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Johnson leaving his house yesterday. Alamy Stock Photo
Partygate probe

Partygate: Johnson admits to misleading House of Commons 'in good faith'

The former Tory Prime Minister will appear before a cross-party panel tomorrow.

LAST UPDATE | 21 Mar 2023

FORMER UK PRIME Minister Boris Johnson has admitted to misleading the House of Commons when he said that Covid-19 rules had been followed in No 10 Downing Street during lockdown.

A written statement by Johnson to the Privileges Committee was published today, with the former prime minister conceding that he did mislead parliament, but he contends that his statements were made “in good faith”.

“So I accept that the House of Commons was misled by my statements that the Rules and Guidance had been followed completely at No 10,” Johnson said.

“But when the statements were made, they were made in good faith and on the basis of what I honestly knew and believed at the time. I did not intentionally or recklessly mislead the House on December 1 2021, December 8 2021, or on any other date. I would never have dreamed of doing so.”

Johnson is due to be questioned by the Committee tomorrow afternoon.

He said that allegations that it was reckless of him to rely on assurances by his advisors that regulations were not being breached as “unprecedented and absurd”.

“I was the Prime Minister of the country, working day and night to manage the Government’s response to the Covid-19 pandemic. It was self-evidently reasonable for me to rely on assurances that I received from my advisers.”

The publication of Johnson’s evidence comes as Tory MPs will be granted a free vote on any sanctions against the former prime minister following the committee inquiry.

Prime Minister Rishi Sunak indicated today that he would not instruct on how to vote on any potential sanctions against Johnson, telling BBC Breakfast.

“These are matters for Parliament and the House and MPs as individuals, rather than for Government. So that is the general process that we will follow.”

The Prime Minister declined to say whether he agreed with some of Johnson’s allies that the process was a “witch hunt”, telling the programme:

“That’s ultimately something for Boris Johnson and he’ll have the committee process to go through and that’s a matter for Parliament. That’s not what I’m focused on.”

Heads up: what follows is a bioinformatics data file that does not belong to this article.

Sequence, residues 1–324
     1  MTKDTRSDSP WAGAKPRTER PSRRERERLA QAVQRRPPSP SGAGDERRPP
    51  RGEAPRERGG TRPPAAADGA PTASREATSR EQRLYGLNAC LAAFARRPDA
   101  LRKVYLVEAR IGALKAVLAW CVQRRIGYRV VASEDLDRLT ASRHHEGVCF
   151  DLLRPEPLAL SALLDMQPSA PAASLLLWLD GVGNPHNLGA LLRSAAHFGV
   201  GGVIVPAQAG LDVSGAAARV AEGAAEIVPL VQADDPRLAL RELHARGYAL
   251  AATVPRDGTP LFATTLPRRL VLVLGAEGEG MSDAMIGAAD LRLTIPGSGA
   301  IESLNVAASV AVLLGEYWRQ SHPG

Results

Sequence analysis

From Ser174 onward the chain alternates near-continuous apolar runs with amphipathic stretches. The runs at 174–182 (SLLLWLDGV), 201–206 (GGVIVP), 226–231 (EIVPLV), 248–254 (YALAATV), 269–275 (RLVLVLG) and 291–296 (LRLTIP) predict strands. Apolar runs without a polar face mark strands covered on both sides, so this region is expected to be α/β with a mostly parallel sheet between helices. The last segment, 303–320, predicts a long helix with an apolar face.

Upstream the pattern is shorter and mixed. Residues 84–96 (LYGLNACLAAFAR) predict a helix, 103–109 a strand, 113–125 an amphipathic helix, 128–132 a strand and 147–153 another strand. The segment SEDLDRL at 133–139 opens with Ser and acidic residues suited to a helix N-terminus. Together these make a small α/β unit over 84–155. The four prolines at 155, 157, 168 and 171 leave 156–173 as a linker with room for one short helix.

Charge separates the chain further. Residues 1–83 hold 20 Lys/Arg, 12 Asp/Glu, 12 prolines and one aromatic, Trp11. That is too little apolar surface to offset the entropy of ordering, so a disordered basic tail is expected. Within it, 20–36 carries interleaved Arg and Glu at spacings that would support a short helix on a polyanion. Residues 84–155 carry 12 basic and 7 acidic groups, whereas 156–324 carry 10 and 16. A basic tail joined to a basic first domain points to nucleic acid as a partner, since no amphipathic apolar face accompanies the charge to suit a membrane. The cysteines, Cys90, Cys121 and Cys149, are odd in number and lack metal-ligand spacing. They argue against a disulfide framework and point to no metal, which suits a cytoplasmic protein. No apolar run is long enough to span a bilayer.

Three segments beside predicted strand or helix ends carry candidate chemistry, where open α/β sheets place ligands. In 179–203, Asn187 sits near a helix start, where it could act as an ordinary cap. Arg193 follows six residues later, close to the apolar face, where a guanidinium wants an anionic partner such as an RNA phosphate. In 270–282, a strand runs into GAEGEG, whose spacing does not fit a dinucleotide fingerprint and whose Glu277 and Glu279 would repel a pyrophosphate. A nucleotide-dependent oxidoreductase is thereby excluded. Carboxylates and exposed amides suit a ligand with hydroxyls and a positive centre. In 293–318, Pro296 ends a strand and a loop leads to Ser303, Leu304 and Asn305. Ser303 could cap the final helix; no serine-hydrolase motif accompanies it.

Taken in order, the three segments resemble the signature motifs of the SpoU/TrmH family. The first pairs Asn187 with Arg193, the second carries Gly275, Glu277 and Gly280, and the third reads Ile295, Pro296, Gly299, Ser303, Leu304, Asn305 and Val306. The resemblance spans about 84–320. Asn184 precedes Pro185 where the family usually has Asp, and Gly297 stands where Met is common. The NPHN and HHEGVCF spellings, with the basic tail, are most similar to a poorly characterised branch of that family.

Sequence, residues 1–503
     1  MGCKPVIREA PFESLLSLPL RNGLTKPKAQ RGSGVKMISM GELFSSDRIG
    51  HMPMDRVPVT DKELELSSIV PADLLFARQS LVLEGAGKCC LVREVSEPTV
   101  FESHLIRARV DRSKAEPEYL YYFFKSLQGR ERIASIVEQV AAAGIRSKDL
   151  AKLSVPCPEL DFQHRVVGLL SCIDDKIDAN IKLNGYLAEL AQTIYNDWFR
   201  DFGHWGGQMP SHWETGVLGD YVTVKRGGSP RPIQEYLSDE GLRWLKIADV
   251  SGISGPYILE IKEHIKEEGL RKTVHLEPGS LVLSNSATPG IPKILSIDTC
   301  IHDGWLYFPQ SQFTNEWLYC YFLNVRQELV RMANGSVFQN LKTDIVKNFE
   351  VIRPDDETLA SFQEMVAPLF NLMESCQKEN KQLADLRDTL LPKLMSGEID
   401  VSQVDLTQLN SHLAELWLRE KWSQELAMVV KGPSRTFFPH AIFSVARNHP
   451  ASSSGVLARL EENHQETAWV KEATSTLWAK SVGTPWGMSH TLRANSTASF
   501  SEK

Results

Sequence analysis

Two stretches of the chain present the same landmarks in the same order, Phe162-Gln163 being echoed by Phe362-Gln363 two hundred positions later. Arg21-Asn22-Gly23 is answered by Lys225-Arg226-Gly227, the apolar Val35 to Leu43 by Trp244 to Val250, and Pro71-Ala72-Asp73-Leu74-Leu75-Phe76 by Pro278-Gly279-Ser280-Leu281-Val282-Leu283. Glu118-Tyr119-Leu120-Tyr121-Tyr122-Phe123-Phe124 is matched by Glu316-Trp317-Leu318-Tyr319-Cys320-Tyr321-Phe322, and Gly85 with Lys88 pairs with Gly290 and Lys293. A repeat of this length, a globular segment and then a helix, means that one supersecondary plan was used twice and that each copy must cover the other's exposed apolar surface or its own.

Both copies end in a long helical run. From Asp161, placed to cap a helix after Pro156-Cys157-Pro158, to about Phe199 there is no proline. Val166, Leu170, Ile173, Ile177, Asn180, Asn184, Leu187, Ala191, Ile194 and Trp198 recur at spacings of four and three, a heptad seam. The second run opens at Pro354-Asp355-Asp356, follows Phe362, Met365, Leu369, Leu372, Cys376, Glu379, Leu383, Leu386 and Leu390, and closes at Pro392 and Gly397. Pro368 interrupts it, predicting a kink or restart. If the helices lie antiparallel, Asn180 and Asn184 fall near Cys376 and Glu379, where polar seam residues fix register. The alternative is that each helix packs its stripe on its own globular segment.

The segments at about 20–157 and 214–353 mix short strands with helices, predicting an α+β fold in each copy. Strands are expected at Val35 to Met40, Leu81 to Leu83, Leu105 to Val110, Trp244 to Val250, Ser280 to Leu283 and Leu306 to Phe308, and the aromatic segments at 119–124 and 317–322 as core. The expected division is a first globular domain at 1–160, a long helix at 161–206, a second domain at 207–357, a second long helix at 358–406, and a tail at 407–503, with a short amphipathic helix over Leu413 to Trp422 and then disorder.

Johnson was first asked to provide a written submission in July last year, but provided it 48 hours before his televised questioning by the committee this week. 

The committee confirmed it received the evidence, key to Johnson’s political future, at 2.32pm yesterday.

However, the Committee today clarified that the final document was not provided until 8.02am this morning, due to a number of “errors and typos” in the original document.

“Mr Johnson’s written submission contains no new documentary evidence,” a spokesperson for the Committee said.

If Johnson fails to convince the committee he did not deliberately mislead the UK Parliament, he could be found to have committed a contempt of Parliament and receive a suspension.

Such a move could ultimately end in a by-election.

An ally of the Conservative MP said his defence had been handed over on Monday “as planned”, adding: “The committee control the timing of publication. We encourage them to publish it as soon as possible.”

The defence is expected to take the form of a lengthy submission from Johnson’s barrister, David Pannick.

The hearing clashes with a key vote on Sunak’s new Brexit deal for Northern Ireland, which DUP MPs plan to oppose.

An estimated £220,000 of taxpayers’ money has been allocated for Johnson’s legal bills.

If the committee rules that he did mislead the House, they will consider whether it was “reckless or intentional” and amounted to a contempt of Parliament.

An interim report by the committee earlier this month said evidence strongly suggested breaches of coronavirus rules would have been “obvious” to the then-prime minister.

But Johnson claimed it was “clear” he had not committed a contempt of Parliament, arguing there is “no evidence in the report that I knowingly or recklessly misled Parliament” or failed to update it in a timely manner.

Johnson has also sought to cast doubt on the findings of Sue Gray’s report on partygate, after she quit the Civil Service to take up a role in Labour leader Keir Starmer’s office.

The UK’s Privileges Committee is examining evidence around at least four occasions when Johnson may have misled MPs with his assurances to the Commons that lockdown rules were followed.

The committee will publish its findings on whether the former prime minister committed a contempt of Parliament and make a recommendation on any punishment, but the ultimate decision will fall to the full House of Commons.

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